WASHINGTON -- Interior Secretary Dirk Kempthorne announced Wednesday that the agency will list the polar bear as threatened under the Endangered Species Act. But there are strings attached: an administrative letter that will have conditions to "keep from harming the economy."Kempthorne's decision is his first Endangered Species Act listing since taking office in 2006. Conservation groups petitioned the agency for the designation, which would be the first for an animal that is losing its habitat to global warming.
Kempthorne said the Endangered Species Act should not be used to regulate greenhouse gas emissions and that the listing will not "set backdoor climate policy."
"That would be a wholly inappropriate use of the ESA," Kempthorne said. "This listing will not stop global climate change or prevent sea ice from melting."
Government scientists predicted in September that shrinking sea ice will leave only a remnant surviving population of the world's polar bears in the islands of the Canadian Arctic by mid-century. The U.S. Geological Survey study, done as part of the assessment for listing the bears, found that two-thirds of the world's polar bears will have disappeared. That includes those along the coasts of Alaska and Russia.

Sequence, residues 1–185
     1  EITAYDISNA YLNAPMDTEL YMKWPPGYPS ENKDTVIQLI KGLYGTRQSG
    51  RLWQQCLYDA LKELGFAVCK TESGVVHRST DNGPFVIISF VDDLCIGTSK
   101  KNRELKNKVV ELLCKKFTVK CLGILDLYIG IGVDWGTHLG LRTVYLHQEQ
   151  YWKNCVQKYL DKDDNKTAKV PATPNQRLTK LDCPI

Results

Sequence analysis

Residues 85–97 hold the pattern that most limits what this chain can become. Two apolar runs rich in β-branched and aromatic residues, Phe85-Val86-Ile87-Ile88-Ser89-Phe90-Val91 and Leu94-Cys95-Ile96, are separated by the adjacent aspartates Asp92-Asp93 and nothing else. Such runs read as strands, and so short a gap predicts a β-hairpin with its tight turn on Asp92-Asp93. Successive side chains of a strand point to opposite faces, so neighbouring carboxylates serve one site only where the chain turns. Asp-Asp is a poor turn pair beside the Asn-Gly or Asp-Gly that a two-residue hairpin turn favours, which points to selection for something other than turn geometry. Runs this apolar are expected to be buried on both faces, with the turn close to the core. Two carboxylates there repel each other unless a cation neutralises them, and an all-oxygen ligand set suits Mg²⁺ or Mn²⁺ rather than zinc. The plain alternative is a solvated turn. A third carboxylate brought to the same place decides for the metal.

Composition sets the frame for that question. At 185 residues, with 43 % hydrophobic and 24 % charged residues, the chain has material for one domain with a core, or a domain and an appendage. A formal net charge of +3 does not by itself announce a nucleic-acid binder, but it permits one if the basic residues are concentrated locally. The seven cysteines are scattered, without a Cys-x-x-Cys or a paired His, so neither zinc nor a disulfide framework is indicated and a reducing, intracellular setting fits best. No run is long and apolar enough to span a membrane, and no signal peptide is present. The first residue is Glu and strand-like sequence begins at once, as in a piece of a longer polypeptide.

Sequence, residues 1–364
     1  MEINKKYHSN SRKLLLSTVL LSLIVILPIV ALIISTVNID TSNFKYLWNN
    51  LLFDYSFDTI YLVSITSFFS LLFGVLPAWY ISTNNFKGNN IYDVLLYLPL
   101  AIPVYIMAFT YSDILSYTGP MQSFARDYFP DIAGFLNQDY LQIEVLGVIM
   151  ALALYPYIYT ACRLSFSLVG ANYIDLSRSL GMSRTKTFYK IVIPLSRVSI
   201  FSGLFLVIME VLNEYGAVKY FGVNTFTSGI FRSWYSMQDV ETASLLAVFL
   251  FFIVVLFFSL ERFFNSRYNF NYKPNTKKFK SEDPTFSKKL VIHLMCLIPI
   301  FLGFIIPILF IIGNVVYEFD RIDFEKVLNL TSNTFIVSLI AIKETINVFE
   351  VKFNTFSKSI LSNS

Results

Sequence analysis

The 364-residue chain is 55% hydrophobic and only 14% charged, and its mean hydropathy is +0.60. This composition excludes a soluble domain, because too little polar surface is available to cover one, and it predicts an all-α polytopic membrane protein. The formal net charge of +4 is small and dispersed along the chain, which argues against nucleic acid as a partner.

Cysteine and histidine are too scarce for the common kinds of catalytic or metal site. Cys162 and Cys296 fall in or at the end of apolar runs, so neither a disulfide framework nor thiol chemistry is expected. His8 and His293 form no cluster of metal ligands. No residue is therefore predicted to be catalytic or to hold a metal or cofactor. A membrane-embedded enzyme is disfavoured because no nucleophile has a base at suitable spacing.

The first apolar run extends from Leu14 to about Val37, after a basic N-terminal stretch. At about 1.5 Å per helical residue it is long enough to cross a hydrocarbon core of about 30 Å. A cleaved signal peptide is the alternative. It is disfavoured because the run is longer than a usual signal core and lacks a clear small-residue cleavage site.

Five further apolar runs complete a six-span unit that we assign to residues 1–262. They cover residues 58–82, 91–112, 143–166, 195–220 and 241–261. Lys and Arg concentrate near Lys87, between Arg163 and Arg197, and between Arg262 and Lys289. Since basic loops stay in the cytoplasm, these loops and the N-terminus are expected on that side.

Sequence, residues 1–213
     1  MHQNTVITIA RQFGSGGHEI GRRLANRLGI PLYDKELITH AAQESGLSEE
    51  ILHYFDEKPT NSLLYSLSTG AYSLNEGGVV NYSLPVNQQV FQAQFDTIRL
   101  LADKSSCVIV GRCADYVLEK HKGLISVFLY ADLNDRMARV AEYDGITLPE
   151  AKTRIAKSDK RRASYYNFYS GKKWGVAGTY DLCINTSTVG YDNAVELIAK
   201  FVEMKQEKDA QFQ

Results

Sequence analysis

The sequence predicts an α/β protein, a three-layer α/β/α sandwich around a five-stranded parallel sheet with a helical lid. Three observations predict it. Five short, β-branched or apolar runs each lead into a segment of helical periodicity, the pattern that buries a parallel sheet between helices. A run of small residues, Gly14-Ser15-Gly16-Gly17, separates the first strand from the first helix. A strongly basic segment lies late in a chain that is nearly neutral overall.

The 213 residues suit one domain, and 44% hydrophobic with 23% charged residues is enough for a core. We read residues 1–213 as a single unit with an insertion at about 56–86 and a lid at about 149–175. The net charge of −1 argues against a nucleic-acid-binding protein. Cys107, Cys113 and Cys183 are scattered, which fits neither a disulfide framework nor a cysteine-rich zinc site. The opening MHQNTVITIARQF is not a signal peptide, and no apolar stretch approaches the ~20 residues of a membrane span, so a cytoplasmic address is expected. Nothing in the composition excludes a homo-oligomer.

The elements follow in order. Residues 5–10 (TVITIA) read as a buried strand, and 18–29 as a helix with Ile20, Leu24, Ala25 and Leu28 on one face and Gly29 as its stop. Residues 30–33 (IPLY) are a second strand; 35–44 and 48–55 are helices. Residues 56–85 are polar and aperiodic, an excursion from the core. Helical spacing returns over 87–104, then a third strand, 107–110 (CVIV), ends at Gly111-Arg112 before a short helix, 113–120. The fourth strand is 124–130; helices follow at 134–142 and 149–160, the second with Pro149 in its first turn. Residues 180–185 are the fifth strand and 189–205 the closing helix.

Last week, a Canadian scientific panel recommended that the polar bear remain a "special concern species," rather than elevate it to the more drastic designations of threatened or endangered.
The committee chose not to consider climate change effects in its population projections, though it expressed "considerable concern" about the bears' future. U.S. law does not provide for the lesser "special concern" option.
Prodded by courts, the U.S. Fish and Wildlife Service began studying a possible listing in December 2006. But the Interior Department failed to make a decision by a January 2008 deadline, and two weeks ago, a federal court in California ordered the Interior Department to issue its decision by Thursday.
Scientists think there are 20,000 to 25,000 polar bears in the world. One-fifth or so live in Alaska and nearby on the coast of the Beaufort and Chukchi seas.
The bears are considered marine mammals because they depend on sea ice for hunting their prey: seals breathing through holes or along the edges of the ice.
Polar bears have been known to live as long as 30 years, which means that today's young bears may be part of the last generation in Alaska.
While older bears will probably survive -- if not thrive -- scientists expect to see cubs and young adults die off and reproduction rates decline. Already, studies have reported shrinking weight and rising mortality of cubs. There have also been reports of polar bears drowning.